‘On the whole, including the brutally beautiful final sequence of the aliens destroying a city, the film looks beautiful’
The War of the Worlds, 1953
Directed by: Byron Haskin
Starring: Gene Barry, Ann Robinson
Based on H. G. Wells’ novel of the same name, The War of the Worlds takes place in California (not England, as the novel originally set the story in), and tells the story of the day aliens landed on earth, seeking a new planet to call home with Mars’ depleting resources. Despite being greeted by white flags on the night they exit their pods for the first time, the aliens soon begin to destroy everything in their wake; impervious to our best efforts to stop them.
The running time for this film is less than 90-minutes, and, yet, despite this the aliens’ first appearance isn’t for quite some time. The film brilliantly builds up to the pod’s unveiling, with the townspeople, including Dr. Clayton Forrester (Gene Barry) and Sylvia van Buren (Ann Robinson), partying the night away while waiting for the meteor (as they believed it was at the time) to cool down to be studied. While it’s not always a successful way of doing things, sometimes building up to the grand reveal works so much better as it makes the aliens seem like more of a special attraction, rather than simply unveiling them at the start and ruining their mystique. It’s also beneficial as there’s no immediate panic, instead curiosity with the pod landing in ways which isn’t normal to normal meteors. It makes you feel more invested, and more like you’ve earned the right to see the creatures when they finally arrive because you now know the story behind the city and the characters.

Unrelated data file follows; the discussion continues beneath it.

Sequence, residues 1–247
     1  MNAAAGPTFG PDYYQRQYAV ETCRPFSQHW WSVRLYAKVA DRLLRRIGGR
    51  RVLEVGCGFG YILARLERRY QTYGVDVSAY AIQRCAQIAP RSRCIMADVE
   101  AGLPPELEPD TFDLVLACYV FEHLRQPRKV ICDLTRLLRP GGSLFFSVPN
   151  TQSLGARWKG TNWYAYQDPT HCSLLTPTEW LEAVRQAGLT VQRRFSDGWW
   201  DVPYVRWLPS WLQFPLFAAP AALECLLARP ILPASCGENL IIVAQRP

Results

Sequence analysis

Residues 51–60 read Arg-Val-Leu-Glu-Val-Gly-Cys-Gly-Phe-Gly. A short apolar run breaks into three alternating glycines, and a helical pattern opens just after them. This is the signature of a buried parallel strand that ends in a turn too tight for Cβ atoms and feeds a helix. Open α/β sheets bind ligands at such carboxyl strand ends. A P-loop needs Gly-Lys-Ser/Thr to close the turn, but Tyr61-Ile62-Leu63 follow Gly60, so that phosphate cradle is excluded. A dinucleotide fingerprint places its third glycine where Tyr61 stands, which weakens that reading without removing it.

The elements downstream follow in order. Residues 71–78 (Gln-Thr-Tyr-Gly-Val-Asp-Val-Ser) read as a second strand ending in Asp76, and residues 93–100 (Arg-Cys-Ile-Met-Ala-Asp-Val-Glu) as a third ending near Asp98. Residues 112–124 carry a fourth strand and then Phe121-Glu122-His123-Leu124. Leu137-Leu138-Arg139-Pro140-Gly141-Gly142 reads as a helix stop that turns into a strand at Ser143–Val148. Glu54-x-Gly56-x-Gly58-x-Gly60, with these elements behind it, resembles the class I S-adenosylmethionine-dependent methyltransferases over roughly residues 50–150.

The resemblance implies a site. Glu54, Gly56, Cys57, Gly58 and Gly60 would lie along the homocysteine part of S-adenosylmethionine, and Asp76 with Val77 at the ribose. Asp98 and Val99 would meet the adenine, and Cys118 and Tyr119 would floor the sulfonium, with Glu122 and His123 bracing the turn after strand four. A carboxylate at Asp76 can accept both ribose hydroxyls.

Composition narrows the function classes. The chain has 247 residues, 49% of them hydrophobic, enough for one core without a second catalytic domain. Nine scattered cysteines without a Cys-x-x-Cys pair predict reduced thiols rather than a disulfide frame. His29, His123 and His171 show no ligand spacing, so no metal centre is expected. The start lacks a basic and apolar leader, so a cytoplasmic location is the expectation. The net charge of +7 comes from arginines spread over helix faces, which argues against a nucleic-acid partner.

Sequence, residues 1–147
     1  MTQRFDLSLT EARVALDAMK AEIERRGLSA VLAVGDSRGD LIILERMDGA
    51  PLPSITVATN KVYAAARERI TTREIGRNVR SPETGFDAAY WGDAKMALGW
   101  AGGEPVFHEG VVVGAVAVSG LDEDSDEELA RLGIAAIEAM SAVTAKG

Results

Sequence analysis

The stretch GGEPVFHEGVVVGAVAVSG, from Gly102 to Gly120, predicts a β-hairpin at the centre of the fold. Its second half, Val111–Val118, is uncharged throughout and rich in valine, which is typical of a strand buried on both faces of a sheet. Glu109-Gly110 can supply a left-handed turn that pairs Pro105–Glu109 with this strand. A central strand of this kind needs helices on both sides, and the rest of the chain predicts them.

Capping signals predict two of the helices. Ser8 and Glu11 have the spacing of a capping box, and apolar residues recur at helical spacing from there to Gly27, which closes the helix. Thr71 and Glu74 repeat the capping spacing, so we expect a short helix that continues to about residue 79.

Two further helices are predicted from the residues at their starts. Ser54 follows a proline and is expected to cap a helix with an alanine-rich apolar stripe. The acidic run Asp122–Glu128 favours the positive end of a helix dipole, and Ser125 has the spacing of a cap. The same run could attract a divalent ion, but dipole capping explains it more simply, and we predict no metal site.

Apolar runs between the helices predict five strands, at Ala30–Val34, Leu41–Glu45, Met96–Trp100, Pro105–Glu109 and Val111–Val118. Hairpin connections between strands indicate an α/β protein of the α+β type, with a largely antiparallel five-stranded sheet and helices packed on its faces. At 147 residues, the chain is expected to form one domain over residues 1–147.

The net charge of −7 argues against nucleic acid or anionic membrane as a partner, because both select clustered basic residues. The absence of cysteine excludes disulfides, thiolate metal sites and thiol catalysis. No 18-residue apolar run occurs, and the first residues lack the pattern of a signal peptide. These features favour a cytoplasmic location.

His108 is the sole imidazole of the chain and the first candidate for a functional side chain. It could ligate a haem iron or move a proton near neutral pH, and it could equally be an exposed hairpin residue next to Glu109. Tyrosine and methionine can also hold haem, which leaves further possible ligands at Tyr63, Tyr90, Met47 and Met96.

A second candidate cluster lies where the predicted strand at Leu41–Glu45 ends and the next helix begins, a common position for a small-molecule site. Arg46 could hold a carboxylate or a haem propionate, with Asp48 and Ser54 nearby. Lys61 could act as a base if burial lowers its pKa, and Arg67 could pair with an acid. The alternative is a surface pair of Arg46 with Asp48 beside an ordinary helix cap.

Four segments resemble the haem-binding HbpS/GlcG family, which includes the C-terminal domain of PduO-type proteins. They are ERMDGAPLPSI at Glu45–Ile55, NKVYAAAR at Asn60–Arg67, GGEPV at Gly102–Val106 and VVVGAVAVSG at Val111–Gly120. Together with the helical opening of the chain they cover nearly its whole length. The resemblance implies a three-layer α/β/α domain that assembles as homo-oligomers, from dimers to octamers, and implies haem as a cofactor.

The acting is fairly solid throughout, despite a rather inconsistent performance from Ann Robinson, appearing in her first leading role with The War of the Worlds, but generally everyone else was fairly decent. But the biggest praise has to be awarded to the visuals (for which it was an Academy Award). Sometimes, looking at it with a 21st-century eye, they are quite comically bad (especially when we are first introduced to the aliens outside of their pods), but on the whole, including the brutally beautiful final sequence of the aliens destroying a city, the film looks beautiful.
There are a few bizarre choices throughout, though, which hamper it a little bit. Towards the end, despite mass evacuations, Clayton gets lost from Sylvia and decides to find her, amongst an abandoned town, in a church. To my surprise (not much to his), he passes through three churches all full of people. I can believe that those left behind would choose faith as their saviour so would go to the nearest church, but it’s not explicitly stated; it comes across as those people chose not to leave the city and instead chose to stay behind knowing the city was about to be destroyed. There are a few other moments like this (such as the pastor, having seen the aliens murder countless people, choosing to try and reason with them) where decisions are a little strange, but overall they don’t detract too much from a thoroughly enjoyable film.
Personal: * * * Acting: * * * Writing: * * * * Presentation: * * * *